According to a Business Insider investigation, Instagram has been allowing a San Francisco-based marketing agency, HYP3R, to flout its rules an
According to a Business Insider investigation, Instagram has been allowing a San Francisco-based marketing agency, HYP3R, to flout its rules and collect information from millions of users. That includes physical locations, stories, photos, and bios, which were used to create a database of user profiles. In fact, according to HYP3R itself, the marketing firm scrapes as many as one million posts a month.
Instagram, which is owned by Facebook, has largely avoided many of the privacy scandals and scrutiny that have plagued its parent company. This revelation, however, puts that scrutiny in an entirely new light as the company seems to do little to actually enforce privacy protections designed to prevent the sort of behavior.
In Instagram’s defense, it took swift action once it was presented with Business Insider’s reporting, issuing a statement that it had banned HYP3R from its platform, and making a change that would prevent other companies from taking advantage of its API in the same way.
“HYP3R’s actions were not sanctioned and violate our policies. As a result, we’ve removed them from our platform. We’ve also made a product change that should help prevent other companies from scraping public location pages in this way,” the company told Business Insider through a spokesperson.
HYP3R is a “Facebook Marketing Partner,” meaning this isn’t some rogue firm acting outside the lines. It’s one of Instagram’s preferred partners, and though there are policies against this type of behavior, there were apparently no actual limitations on the access the marketing firm had to your private data via the API it created.
I reached out to Instagram and Facebook but did not immediately receive a response.
Despite Instagram’s response, it’s more than a little concerning that there weren’t actual technical protections that would have prevented this kind of activity. And, of course, there’s the fact that this is just one more in a long list of episodes involving a Facebook-owned app and “privacy problem” in the same headline.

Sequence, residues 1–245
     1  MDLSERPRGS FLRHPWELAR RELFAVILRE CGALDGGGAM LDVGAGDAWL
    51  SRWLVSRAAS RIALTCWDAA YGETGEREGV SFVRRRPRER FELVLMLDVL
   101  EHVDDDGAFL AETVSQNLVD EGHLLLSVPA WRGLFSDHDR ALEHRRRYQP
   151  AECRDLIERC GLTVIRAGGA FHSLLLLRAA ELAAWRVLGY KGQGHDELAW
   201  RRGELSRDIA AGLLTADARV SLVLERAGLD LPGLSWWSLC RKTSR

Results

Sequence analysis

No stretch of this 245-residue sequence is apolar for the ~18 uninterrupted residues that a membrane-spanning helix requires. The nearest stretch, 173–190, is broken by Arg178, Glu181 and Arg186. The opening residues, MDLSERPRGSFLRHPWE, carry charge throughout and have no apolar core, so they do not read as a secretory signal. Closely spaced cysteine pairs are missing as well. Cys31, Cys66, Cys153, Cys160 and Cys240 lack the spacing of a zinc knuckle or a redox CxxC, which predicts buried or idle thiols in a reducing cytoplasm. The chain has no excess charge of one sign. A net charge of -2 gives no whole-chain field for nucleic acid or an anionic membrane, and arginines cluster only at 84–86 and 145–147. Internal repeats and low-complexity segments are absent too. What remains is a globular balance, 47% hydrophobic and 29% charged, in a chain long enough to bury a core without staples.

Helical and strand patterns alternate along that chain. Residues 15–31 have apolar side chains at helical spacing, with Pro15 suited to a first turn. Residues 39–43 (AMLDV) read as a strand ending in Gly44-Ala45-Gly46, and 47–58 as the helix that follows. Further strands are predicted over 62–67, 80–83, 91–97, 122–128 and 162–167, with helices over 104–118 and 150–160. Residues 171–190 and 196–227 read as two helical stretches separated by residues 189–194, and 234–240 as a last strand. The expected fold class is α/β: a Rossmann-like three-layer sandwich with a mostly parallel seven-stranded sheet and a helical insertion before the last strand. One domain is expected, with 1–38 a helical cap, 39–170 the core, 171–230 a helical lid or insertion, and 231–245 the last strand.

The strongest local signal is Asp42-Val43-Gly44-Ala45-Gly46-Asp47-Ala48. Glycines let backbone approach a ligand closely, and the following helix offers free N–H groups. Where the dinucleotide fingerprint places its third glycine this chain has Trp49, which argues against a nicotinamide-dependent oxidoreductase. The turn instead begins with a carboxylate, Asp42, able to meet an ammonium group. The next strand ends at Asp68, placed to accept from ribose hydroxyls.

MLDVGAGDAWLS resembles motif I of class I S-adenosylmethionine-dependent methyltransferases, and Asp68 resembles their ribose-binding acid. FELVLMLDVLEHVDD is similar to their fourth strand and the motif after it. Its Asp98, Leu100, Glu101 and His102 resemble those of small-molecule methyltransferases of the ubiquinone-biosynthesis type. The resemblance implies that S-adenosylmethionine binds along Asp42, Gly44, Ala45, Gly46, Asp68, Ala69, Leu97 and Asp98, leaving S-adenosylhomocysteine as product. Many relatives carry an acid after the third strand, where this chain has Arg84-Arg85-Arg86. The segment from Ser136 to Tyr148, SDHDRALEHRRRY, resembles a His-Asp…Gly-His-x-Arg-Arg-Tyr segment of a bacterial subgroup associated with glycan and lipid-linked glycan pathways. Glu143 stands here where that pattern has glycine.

In no uncertain terms, we are at the point where Facebook needs an all-hand-on-deck response to what can only be described as a five-alarm fire. Any amount of trust that Facebook still had with its users is burning to the ground. Sure, the company is still profitable, but that’s the problem.
These practices and lack of care with users’ information largely feed that profit engine, leaving the company little incentive to do anything different. Facebook, as a platform, is fundamentally unable to protect its users’ information– because it literally exists to exploit that information.
You could argue that it’s impossible to fully police the activity of the countless number of advertising and marketing partners the company has on its platforms. That may be true, but if it is, then it’s time to shut the whole thing down.
Where else is would we say it’s okay to gather a bunch of hens into a hen house, promising them a safe place to hang out, and then invite a bunch of foxes over to come and play? There’s no scenario where that ends well for the hens.
Friends, we are the hens. And while we’ve known for a while that there was something wrong, it turns out it’s a much bigger problem than we thought.
All of this is a reminder, though I’ve written it many times, that trust is your brand’s most valuable asset. What you do to guard that trust, or betray it, makes all the difference in whether or not you get the benefit of the doubt when bad news comes.
And, as a final thought, regardless of the impact on your company’s brand, there’s also a more global principle of “do the right thing.” Do the right thing for your customers, even when it isn’t the most convenient thing for you. Protect their privacy, even when it means sacrificing some easy profits.
Do the hard work of thinking through the implications of your business practices and policies so that you don’t find yourself in a situation where those practices end up in a headline about just another scandal or major problem.
It turns out that “do the right thing,” usually leads to trust anyway.
The opinions expressed here by Inc.com columnists are their own, not those of Inc.com.
This article is from Inc.com